I have been a police officer for 14 years and I am 38 years old – am I too old to become a pilot?
Too old to become a pilot – is there such a thing? Well technically yes because there is an age limit of 65 to fly commercially in a lot of countries. If you are looking to get a return on your investment then there could be an age where you are too old to reach that goal.
If you are too old to become a pilot also depends on what you would like to achieve as a pilot. If you are hoping to become a captain in a legacy airline like British Airways, then you should probably not be much older than about 30 when you start your training. If it does not matter where you fly and what role you have, then there should be no problem starting your pilot training when you are into your 40’s.
Learning to fly when you are older
From a training point of view learning a new trade can get a little tricky when you are older. You should also give some consideration into how you will feel in a typical flying school class. The majority of students could possibly about 15 years younger than you.
Most of the training material will be in technical English and there is a lot of knowledge you have to take in. Learning new things tend to be a little harder when you are older.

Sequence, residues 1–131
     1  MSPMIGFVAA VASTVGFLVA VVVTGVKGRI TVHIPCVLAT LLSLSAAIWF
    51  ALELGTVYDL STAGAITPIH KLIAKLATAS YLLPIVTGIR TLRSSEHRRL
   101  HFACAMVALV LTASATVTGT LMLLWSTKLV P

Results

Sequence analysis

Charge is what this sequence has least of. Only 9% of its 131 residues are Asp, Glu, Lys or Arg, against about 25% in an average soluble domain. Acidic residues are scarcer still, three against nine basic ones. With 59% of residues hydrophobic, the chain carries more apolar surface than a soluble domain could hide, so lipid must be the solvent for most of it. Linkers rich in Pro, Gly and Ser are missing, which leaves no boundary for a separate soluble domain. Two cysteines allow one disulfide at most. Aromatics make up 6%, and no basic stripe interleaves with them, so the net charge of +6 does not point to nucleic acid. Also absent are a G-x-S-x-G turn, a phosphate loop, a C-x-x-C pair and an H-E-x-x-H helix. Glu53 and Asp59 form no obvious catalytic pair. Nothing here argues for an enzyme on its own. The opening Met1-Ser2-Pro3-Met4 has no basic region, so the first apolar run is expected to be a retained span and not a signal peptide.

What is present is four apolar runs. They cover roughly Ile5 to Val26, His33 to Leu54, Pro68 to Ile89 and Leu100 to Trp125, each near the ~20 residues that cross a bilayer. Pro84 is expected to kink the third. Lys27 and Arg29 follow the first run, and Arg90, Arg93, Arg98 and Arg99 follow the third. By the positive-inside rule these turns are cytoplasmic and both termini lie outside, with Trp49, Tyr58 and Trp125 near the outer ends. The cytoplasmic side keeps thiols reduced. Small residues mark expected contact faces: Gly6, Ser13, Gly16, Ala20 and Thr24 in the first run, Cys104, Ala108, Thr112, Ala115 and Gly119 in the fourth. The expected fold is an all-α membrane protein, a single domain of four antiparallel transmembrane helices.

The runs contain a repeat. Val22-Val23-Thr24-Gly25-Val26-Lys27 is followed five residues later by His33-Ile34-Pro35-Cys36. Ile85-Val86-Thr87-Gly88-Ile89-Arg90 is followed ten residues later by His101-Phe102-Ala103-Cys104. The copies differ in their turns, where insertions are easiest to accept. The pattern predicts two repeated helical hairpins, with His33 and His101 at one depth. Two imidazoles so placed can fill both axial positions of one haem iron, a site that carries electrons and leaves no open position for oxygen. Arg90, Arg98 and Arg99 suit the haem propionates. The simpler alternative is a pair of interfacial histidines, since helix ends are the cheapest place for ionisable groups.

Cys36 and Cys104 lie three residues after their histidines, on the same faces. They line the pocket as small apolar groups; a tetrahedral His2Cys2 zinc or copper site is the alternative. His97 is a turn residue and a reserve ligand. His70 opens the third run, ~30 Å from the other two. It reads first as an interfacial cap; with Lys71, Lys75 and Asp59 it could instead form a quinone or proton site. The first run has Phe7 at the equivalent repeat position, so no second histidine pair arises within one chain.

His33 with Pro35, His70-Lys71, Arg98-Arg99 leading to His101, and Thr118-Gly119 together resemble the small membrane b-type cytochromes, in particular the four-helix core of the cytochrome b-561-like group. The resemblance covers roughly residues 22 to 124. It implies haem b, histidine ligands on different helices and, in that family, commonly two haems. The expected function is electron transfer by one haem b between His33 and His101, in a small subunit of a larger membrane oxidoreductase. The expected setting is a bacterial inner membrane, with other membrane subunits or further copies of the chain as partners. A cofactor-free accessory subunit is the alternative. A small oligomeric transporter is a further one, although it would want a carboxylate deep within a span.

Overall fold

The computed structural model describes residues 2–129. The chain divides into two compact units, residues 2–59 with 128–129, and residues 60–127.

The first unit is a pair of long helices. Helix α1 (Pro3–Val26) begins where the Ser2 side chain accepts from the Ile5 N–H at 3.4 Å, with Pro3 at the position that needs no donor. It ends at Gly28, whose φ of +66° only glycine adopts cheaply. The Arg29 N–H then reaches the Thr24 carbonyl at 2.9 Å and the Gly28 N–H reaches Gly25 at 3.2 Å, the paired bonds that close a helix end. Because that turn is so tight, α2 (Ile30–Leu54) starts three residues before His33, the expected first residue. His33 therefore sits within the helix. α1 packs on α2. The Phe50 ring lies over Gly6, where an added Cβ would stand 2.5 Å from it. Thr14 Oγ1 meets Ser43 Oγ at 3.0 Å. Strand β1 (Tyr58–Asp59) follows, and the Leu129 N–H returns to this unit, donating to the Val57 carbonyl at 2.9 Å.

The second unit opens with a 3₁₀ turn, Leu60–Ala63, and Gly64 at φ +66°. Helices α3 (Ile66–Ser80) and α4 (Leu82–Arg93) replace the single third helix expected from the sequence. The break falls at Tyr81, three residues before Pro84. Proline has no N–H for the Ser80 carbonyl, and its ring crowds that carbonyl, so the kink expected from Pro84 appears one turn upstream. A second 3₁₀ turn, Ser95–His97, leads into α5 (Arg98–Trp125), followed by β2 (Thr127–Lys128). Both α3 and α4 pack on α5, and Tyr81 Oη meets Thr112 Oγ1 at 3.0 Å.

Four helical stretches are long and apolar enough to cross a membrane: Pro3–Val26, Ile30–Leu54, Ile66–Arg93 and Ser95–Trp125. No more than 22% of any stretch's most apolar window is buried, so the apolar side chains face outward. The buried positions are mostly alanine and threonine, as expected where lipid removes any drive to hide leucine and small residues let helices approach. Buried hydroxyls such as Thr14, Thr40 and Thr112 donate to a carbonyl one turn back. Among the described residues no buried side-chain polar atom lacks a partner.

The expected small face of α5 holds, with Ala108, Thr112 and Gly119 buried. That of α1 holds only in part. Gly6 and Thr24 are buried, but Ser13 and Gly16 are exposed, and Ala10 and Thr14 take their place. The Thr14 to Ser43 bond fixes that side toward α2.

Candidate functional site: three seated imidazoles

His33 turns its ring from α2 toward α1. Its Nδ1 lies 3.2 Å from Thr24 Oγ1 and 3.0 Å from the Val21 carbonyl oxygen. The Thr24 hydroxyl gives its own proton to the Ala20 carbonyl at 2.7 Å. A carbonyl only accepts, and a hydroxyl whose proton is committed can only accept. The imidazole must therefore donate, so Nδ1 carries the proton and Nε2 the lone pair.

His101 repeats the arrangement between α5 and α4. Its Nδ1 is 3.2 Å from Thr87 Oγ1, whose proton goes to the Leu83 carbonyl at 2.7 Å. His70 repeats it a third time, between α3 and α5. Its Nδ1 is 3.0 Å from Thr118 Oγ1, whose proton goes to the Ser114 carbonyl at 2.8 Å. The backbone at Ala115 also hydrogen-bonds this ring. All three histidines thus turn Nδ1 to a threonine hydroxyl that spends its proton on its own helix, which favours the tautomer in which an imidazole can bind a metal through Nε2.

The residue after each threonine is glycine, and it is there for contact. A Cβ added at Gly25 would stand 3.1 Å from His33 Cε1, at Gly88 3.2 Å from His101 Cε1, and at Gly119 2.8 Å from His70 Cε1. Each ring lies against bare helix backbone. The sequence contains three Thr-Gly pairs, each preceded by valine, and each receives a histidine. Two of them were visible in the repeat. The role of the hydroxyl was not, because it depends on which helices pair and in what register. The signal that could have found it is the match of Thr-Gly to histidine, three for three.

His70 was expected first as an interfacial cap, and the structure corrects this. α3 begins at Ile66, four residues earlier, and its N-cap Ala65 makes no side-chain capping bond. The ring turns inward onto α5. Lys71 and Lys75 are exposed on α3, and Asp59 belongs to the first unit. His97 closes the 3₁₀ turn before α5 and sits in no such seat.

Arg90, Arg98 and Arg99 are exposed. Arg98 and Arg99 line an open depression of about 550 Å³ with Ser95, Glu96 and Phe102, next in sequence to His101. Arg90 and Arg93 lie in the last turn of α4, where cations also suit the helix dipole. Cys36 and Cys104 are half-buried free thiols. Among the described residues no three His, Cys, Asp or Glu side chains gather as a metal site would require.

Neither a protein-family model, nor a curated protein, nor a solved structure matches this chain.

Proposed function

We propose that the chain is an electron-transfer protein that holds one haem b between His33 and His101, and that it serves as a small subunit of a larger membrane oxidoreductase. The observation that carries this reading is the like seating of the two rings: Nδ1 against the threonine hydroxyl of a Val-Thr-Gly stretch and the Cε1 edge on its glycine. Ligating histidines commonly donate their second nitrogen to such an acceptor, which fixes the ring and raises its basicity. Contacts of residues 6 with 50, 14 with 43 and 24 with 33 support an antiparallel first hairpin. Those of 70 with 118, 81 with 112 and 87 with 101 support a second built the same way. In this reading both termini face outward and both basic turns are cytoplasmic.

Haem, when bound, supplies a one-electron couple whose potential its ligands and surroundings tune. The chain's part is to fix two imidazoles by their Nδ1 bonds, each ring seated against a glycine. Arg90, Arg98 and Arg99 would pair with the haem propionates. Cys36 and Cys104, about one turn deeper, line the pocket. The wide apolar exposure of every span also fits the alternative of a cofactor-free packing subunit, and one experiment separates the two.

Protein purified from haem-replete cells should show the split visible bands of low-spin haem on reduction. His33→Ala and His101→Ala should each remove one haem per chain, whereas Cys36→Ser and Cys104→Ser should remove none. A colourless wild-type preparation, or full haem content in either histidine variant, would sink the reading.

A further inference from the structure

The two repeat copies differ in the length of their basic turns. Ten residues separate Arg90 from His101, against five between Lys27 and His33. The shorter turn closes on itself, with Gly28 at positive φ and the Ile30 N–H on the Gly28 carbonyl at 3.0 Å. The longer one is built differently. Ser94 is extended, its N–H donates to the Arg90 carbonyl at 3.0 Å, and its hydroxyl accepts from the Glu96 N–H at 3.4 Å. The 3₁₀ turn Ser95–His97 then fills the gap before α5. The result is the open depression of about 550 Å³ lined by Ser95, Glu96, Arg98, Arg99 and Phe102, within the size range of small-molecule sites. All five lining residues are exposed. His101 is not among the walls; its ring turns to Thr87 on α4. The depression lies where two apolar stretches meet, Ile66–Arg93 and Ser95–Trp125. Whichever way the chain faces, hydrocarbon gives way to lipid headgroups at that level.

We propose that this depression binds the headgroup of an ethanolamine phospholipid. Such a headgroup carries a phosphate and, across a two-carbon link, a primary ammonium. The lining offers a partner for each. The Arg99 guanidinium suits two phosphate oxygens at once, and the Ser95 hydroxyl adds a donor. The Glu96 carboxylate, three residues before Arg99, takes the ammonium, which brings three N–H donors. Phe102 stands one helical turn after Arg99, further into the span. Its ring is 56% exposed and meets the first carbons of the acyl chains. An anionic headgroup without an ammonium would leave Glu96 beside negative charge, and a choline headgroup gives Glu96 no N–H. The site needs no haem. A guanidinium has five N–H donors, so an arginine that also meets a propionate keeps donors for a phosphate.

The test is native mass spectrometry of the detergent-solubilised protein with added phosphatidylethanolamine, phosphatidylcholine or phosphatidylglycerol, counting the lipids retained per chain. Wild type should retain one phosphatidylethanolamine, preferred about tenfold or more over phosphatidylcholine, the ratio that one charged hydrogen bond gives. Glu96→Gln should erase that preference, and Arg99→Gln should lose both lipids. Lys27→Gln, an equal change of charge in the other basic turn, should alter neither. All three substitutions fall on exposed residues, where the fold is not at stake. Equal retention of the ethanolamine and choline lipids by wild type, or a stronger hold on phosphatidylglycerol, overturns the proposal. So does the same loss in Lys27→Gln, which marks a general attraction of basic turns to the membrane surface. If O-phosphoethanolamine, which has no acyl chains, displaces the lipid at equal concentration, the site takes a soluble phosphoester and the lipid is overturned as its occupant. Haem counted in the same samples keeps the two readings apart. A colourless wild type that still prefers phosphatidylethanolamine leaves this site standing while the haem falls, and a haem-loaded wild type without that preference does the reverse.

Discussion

That being said, if you are willing to make the effort there should not be anything preventing you from getting a license from an age perspective.
Is now a good time to become a pilot?
At the moment the industry is suffering hugely under Covid-19. We have written a few other posts about becoming a pilot now. We would recommend you to start reading this answer Pilot training during Covid/19
You may also want to see our youtube video on BALPA’s announcement, which comments on the UK Pilot Union BALPA’s press announcement in November 2020 – “don’t become a pilot”.
It is important to realize that most flying schools are privately run companies and they have a huge interest in getting you to sign up, so it can be a really good idea to step back and do some research yourself.
Giving individual advice is something we are happy to provide but we will never tell you what to do. That is always something you will have to decide yourself.
We think that in your case, it would be really important to ensure that you are prepared that the road to become a pilot will most likely result in a significant pay cut for the first many years. If you have a family or a partner it may also be a really good idea to have a talk about being a pilot and family life. We have just published a question about the family aspects that you may find interesting to read Pilot and family life
While your dream is certainly possible, we think that there are quite a lot to consider. Our advice would be not to do anything just based on it being a dream. Do a reality check first and then have a plan b of what you will do, if there is no pilot job around when you graduate.
You are welcome to call us on +45 5352 7700. We always offer 15 minutes of free advice over the phone. We can also connect you to pilots that have changed career path late in life. It may be worth talking directly to them regarding what challenges they have faced.
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